Aer Lingus was worth €2.2 billion at the end of 2016, almost 50 per cent more than the sum paid for the Irish carrier by International Airlines' Group (IAG) 16 months earlier, industry analysts say.
IAG bought Aer Lingus for €1.5 billion in September 2015 following a protracted process that involved getting the Dáil’s approval for the sale of the State’s 29.7 per cent holding in the airline.
In a note on its parent group, Rishika Savjani and Mark McVicar, aviation analysts with British bank Barclays, calculate that Aer Lingus had an enterprise value of €2.195 billion at the end of 2016.
According to this estimate, at the end of last year Aer Lingus was worth 46 per cent more than the €1.5 billion that IAG paid for the company when it finally took it over in early September 2015.
IAG paid Aer Lingus investors €2.50 a share plus a 5 cent dividend when it closed the deal. Before news of the group’s initial approach to the Irish airline’s board broke in December 2014, Aer Lingus shares were trading at around the €1.50 mark, valuing it at around €900 million.
IAG also owns British Airways and Spain's Iberia, Vueling and Level. After it bought Aer Lingus, the Irish airline grew its fleet of long-haul aircraft to 14 in 2016 from 11 the previous year, and expanded the number of planes used for shorter journeys to 38 from 37.
New US destinations
In 2016, the airline also began flying to three new US destinations from Dublin Airport – LA, Newark New Jersey and Hartford Connecticut – and expanded the number of seats on its transatlantic network by 17 per cent.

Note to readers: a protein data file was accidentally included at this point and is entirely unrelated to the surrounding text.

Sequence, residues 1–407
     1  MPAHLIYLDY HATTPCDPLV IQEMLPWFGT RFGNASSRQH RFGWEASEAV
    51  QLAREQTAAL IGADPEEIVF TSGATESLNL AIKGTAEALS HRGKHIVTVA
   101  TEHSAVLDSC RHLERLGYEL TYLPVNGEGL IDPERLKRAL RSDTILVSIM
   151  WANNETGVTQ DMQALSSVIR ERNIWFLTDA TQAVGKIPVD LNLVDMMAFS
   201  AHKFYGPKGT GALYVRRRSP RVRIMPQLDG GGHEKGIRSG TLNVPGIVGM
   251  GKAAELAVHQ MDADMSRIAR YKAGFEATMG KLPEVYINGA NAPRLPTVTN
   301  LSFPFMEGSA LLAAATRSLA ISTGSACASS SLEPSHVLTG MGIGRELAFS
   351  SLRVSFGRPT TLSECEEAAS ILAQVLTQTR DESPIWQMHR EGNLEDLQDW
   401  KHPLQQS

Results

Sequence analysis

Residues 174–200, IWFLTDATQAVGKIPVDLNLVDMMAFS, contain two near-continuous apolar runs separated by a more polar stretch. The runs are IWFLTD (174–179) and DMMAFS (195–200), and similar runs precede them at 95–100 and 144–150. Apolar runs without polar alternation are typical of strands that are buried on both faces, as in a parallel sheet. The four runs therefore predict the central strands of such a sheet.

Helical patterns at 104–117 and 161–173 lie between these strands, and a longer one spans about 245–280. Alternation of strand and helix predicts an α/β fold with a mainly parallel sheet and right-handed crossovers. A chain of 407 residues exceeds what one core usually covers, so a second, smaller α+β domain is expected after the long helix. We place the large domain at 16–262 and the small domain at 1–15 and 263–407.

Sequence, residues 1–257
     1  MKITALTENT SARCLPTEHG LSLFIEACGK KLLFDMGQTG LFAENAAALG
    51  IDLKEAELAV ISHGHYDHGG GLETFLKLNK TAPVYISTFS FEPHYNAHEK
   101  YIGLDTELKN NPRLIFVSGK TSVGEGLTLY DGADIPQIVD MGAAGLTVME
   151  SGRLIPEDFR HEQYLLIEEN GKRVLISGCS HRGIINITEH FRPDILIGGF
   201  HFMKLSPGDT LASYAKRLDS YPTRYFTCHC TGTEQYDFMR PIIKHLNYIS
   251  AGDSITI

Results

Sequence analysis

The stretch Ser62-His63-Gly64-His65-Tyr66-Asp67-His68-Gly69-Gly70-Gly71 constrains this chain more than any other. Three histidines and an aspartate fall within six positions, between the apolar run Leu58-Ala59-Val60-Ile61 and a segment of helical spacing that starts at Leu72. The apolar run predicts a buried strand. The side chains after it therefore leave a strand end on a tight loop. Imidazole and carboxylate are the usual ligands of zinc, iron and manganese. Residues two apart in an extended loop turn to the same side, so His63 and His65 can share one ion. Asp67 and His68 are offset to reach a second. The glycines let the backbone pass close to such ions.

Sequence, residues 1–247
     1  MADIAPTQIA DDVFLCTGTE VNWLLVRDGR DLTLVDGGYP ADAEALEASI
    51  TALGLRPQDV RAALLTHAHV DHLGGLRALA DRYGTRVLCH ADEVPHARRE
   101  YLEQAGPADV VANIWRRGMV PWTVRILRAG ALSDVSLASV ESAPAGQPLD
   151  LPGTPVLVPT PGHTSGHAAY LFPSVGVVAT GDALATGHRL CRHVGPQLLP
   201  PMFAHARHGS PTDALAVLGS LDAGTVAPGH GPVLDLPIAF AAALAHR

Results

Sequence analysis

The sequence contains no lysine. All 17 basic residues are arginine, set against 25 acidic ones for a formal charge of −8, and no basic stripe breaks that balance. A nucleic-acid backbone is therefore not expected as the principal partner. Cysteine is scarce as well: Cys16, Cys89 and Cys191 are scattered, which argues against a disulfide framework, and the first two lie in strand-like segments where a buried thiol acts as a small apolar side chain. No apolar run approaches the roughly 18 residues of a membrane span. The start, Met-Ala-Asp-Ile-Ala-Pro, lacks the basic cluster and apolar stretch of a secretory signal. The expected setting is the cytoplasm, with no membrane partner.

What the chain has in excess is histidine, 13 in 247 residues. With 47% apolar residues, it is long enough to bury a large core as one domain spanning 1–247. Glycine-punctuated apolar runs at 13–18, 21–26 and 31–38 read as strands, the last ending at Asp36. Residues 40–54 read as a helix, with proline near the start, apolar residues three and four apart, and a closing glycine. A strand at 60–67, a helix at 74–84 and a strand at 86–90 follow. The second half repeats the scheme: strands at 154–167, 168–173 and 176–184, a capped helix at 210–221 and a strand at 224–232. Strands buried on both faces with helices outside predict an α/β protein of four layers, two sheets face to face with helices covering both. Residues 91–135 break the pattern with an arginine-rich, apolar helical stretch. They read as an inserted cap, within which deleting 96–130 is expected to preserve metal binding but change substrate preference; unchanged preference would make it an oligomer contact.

Ms Savjani and Mr McVicar argue that IAG's purchase of Aer Lingus benefitted both. They point out that competing with Ryanair at Dublin Airport forced Aer Lingus to drive productivity, and suggest that its parent could apply some of those competitive advantages across the group.
“Meanwhile, the Dublin hub should help IAG group capture a greater share of connecting Europe-North American traffic, particularly from the UK regions, while BA continues to prioritise point-to-point traffic at Heathrow,” the analysts say.
Aer Lingus began flying from Dublin to Miami this year. In 2018, it plans services to Philadelphia and Seattle. Over the next three years, it will also acquire five new Airbus A321 long-range craft with the backing of its parent, giving it options to add further services in the US and Canada.
Neither Aer Lingus nor IAG would comment on the analysts’ conclusions on Thursday.